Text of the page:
Ring of Truth
Georgia Ressmeyer & Sylvia Cavanaugh
A ring of truth may wed you to a lie
Manipulation can feel, and reel, like love
The peel of bells. You’re netted, banded, tracked
So special, at first, to capture that attention
Then find you can’t escape the watchful eye
Your mind becomes a hand within a glove
Cannot distinguish fantasy from fact
But guts will churn in growing apprehension
A ring of truth may mask your ignorance
You fill in the blanks, avoid the obvious
Inflate scant knowledge into something grand
Believe Houdini escaped using magic
Your statements so detached from common sense
Self-inflicted deceit can make you oblivious
The core of what you say will never stand
Those Elvis claims smear your eclat for logic
A ring of truth may wreathe inspired thoughts
Good story can also make us feel human
You may pick locks and find your unfeigned self
Did Melville quiver with Ahab’s wrath?
Express in sounds, in art what can’t be taught
Zoom-in on the melancholy of Schumann
Dig deep to mine your spirit’s timeless wealth
Defend sorrow’s treasure, her silvery path
A ring of truth may choke or broaden you
Our rarefied Veritas glints from above
Distill the genuine in all you do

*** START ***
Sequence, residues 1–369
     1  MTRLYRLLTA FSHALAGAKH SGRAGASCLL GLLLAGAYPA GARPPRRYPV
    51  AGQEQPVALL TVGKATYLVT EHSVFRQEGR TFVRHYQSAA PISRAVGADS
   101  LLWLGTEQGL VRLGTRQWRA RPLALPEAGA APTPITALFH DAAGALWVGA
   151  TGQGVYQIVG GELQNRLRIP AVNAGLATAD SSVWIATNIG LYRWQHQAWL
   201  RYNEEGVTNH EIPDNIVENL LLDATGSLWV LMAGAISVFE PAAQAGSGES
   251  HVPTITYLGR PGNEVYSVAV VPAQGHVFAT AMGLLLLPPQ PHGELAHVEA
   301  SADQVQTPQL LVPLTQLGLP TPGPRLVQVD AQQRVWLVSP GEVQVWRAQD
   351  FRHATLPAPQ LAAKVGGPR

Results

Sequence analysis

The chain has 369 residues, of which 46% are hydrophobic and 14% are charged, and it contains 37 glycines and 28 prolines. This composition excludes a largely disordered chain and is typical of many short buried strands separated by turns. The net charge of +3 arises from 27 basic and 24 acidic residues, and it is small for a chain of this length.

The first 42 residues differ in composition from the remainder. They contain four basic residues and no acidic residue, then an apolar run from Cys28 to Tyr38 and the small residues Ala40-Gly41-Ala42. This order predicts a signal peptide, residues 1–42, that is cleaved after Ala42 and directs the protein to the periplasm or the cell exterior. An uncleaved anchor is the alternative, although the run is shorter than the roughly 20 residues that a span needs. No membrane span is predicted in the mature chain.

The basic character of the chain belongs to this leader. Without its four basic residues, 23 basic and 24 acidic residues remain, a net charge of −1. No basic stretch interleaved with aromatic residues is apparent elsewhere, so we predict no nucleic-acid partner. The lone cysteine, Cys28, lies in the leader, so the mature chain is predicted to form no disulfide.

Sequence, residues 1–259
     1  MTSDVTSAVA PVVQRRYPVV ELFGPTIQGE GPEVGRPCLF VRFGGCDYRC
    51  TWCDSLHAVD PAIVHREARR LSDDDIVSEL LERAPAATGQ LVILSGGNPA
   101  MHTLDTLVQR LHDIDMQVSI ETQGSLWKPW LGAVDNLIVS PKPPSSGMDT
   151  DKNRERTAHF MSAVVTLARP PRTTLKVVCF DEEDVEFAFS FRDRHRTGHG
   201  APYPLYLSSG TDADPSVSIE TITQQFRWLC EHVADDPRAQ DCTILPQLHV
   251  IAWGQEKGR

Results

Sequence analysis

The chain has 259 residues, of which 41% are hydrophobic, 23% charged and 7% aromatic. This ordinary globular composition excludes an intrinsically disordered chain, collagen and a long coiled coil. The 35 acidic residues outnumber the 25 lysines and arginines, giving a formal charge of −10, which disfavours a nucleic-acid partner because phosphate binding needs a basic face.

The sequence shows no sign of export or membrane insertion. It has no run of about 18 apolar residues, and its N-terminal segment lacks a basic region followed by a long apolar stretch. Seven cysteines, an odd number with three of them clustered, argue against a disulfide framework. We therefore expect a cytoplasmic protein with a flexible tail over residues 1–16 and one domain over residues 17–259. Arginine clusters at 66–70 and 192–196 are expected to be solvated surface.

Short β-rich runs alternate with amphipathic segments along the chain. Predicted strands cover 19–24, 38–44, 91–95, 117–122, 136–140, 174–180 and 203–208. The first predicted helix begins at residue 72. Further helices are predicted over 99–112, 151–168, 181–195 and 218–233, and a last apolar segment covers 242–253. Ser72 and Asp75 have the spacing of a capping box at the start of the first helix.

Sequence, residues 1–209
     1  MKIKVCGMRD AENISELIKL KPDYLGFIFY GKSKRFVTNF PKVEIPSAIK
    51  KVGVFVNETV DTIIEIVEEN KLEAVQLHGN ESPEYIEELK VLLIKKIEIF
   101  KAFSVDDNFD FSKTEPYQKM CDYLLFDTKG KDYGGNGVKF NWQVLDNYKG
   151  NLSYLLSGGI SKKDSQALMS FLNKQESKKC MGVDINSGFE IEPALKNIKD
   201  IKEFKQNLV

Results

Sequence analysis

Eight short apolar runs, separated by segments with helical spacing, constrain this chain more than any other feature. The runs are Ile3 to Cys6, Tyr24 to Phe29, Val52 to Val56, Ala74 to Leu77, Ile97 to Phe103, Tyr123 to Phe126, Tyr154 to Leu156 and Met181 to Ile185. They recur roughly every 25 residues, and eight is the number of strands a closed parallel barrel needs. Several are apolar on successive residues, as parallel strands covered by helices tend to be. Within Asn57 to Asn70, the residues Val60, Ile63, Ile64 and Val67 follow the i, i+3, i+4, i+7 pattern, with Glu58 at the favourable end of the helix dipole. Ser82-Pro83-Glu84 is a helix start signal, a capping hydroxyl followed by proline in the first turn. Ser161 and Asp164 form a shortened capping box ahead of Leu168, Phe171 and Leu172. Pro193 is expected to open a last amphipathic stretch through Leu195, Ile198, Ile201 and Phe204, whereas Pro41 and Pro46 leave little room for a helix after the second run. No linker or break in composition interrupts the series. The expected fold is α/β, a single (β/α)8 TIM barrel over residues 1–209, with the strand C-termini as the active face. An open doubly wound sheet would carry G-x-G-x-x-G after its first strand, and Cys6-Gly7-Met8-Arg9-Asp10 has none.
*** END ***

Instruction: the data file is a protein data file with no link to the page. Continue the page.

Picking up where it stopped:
A ring of truth can reel and feel like love
NOTE: This collaborative, 28-line poem consists of two responsive, interwoven sonnets by two poets on a single theme chosen in advance. The sonnets build upon each other while also standing independently. The opening line, which is the first line of sonnet 1, was written by Georgia Ressmeyer and emailed to Sylvia Cavanaugh, who then composed the first line of sonnet 2 (in italics) and sent it to Georgia, who replied with the second line of sonnet 1, and so on, until each poet had written 14 lines. This interchange of words, images, and ideas challenged and inspired both poets and moved the overall poem as well as the individual sonnets in unexpected directions.
Georgia Ressmeyer, twice nominated for a Pushcart Prize in poetry, has published numerous poems, an award-winning poetry chapbook, Today I Threw My Watch Away (Finishing Line Press, 2010), and two full-length poetry collections, Waiting to Sail (Black River Press, 2014) and Home/Body (Pebblebrook Press, 2017). She lives in Sheboygan.
Sylvia Cavanaugh teaches high school cultural studies and has advised breakdancers and poets. She is interested in how cultures move through place and time. A Pushcart Prize nominee, her poems have appeared in various periodicals and anthologies. She is a Contributing Editor for Verse-Virtual: An Online Community Journal of Poetry.